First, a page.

When will 97-year-old Edmund Beagley get his vaccine?
That was the question posed to me by the Chilliwack resident’s daughter.
“Is your father in a long-term care home or facility of some kind?” I asked.
“No my father lives alone in his own home,” Mary Doherty responded from her home in Dunstable, just outside of London, England. “With no help due to the virus. He used to have paid help once a week but that stopped early 2020.
“He had his flu jab in November at Save-On-Foods. Where will he need to register?”
Um, I thought, I should know this. Shouldn’t we know by now when and where people over the age of 80 are getting their COVID-19 vaccinations?
Quite often readers or other members of the public ask me/us questions for which we have quick answers. Sometimes we don’t know the answer, but a little research lets us help them out. And if Ms. Doherty is asking a question about her nearly 100-year-old father in Chilliwack, I should be able to figure it out for her and for him.
If you have read this far looking for answers, I’m sorry. I don’t have them.
But I did ask Fraser Health.
“I checked into this and our planning process for mass vaccination clinics is currently underway in alignment with Phase 2 of B.C’s COVID-19 Immunization Plan,” that from a Fraser Health spokesperson last Friday. “We will have more to share about our plans in the coming weeks.”
I followed up: “I do understand that Phase 2 is set to begin in March with people over 80, but I’m hung up on the question of how do you track down all the people who live alone who are over 80? The daughter of the gentleman I’ve been communicating with says her father is 97, lives alone…. She (and he) are wondering how they will be notified?”
The response: “I checked with our team and they had no information to share with me that was finalized. I’ll let you know when I have something to share.”
Sorry Mr. Beagley, sorry Ms. Doherty, as of Feb. 22, no information to share about when you will get vaccinated.
Still none as of Feb. 24.
Throughout this week, this subject has garnered considerable media attention. The latest from public health officer Dr. Bonnie Henry on Wednesday: “We have not forgotten you. These plans are in place and we will be reaching out to you in the coming days and weeks.”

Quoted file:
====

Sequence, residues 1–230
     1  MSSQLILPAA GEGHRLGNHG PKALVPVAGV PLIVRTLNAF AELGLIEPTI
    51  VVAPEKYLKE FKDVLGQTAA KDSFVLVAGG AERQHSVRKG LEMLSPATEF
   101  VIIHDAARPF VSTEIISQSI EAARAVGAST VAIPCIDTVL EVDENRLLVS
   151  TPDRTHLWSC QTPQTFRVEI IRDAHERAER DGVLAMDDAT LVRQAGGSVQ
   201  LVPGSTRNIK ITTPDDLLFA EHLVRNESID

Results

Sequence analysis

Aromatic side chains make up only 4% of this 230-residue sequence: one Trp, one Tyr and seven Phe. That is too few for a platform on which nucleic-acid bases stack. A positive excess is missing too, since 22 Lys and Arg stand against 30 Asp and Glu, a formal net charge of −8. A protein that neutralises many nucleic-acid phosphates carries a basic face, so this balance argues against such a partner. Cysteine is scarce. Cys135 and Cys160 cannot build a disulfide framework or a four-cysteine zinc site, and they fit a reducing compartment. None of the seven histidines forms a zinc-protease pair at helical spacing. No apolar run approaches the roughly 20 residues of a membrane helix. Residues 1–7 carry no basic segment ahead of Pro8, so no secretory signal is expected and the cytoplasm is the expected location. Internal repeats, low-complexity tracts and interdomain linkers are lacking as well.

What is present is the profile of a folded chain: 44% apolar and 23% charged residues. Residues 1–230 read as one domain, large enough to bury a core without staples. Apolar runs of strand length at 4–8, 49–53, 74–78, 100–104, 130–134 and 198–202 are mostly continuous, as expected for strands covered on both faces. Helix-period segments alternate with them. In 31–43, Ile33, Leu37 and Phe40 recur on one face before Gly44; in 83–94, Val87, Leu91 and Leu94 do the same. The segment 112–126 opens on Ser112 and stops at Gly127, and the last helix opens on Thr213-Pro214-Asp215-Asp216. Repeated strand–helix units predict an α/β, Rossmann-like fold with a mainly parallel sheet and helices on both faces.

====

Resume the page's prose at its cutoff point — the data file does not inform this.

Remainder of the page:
The BC Centre for Disease Control website says: “starting in mid-February, Health Authorities will reach out to seniors 80 years and older to provide information on how to pre-register for immunization appointments for phase 2 of the vaccine rollout in B.C.”
If Edmund Beagley still lived in the country where he lived for the first 57 years of his life, he would have been vaccinated weeks ago. As of Feb. 14, 94 per cent of people over the age of 70 had received their first vaccine doses in England.
“The speedy rollout of the vaccine to all vulnerable people is seen as critical to reducing the pandemic’s death toll and relieving pressure on the NHS,” the BBC reported on Feb. 18.
“Overall, around 16.5 million people have now received a first dose in the UK. More than 573,724 of those have received a second dose. This progress means the UK continues to be among the countries with the highest vaccination rates globally.”
There is no other way to put it: The vaccine rollout program across Canada is taking way too long for a wealthy nation.
“It is extremely stressful for my father as I’m sure it is for so many people,” Doherty told me. “You can probably imagine how helpless and difficult it is for us his children in the UK. The vaccination program (in England) seems to be so far ahead of Canada.”
On Feb. 8, Dr. Henry first said that people over age 80 will receive information “in the coming days and weeks.”
Yet still no details.
I know it’s complicated and I know health officials are working around the clock to arrange mass vaccination clinics. But for the most vulnerable, this has not been good enough.
Dr. Henry says people like Beagley shouldn’t feel forgotten, but he does.
“My dad emigrated to Canada 40 years ago for a better life,” Doherty told me.
“Now he feels forgotten.”
Paul Henderson is editor of the Chilliwack Progress.